My grandson is tiny, just 5lb 2oz, I am amazed by his fingers and toes, how perfect they are and how he has the skeleton, organs, muscles, tendons, ligaments etc that are needed to be this tiny perfect human being. I was also fortunate enough to be at his birth and to assist his mum as she brought him into the world. This is the second time that I have had the privilege to massage a new mum through her labour. Lower back massage is an amazing natural pain relief for labour, it doesn’t make the pain go away of course but it does help. In my clinic I often teach the dads-to-be how they can do some simple back and head massage to assist their partners while they are in labour, the mums appreciate the massage and the dads appreciate having something practical to do when their partner is doing all the labouring work and they can only watch and offer support.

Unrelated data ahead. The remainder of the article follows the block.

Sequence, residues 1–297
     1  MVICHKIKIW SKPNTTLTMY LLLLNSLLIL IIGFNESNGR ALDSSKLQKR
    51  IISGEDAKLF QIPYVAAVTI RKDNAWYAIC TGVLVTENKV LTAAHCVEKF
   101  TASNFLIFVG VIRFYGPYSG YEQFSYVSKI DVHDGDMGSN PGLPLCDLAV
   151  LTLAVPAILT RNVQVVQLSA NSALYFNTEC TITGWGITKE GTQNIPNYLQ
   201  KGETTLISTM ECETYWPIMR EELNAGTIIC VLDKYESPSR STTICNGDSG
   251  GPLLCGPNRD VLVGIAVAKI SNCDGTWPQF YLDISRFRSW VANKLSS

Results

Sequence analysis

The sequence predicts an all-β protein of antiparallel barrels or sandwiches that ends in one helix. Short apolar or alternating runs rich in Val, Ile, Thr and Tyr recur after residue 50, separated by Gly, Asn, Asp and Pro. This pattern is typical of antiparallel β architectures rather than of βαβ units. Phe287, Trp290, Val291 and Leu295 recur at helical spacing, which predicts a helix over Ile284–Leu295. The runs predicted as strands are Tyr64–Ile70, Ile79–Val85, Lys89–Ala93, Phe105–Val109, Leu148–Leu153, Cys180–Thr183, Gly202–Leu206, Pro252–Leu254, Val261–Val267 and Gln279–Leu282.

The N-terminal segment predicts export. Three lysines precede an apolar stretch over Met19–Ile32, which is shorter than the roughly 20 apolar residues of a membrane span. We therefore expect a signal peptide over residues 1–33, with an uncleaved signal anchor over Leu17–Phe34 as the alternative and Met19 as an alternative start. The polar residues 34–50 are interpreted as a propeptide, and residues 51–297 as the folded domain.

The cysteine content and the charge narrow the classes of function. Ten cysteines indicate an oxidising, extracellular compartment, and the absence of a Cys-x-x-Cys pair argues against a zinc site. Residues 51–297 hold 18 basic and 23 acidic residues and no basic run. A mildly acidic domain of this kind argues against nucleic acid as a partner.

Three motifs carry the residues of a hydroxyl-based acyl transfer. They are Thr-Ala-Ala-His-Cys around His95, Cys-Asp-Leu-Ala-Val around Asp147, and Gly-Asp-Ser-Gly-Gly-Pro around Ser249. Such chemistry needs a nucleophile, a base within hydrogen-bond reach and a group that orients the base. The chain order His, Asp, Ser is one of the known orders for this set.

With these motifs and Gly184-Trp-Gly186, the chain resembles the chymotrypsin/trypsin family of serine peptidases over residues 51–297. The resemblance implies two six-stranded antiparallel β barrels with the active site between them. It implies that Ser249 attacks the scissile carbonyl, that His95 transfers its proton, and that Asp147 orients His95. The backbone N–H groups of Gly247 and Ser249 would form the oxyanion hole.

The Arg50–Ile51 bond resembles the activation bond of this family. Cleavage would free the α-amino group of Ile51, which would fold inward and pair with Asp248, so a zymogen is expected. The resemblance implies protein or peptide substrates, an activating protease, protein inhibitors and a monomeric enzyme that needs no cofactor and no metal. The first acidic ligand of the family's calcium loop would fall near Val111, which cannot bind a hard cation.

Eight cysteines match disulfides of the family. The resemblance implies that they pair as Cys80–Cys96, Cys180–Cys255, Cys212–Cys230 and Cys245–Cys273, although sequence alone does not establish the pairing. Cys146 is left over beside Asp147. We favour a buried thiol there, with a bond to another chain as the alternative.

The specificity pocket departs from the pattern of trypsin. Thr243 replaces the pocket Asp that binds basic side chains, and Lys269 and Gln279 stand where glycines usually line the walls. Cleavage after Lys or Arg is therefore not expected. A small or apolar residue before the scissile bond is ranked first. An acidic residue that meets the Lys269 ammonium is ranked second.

That night reminded me, like no other treatment, as to what a gift we offer in massage. The gift of touch given in a knowledgeable, safe and caring way is not to be underestimated.

Now I am looking forward to giving lots of baby massage to this little boy who captured my heart forever in a moment. I am a very lucky (and young!) grandma.

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14 February 2020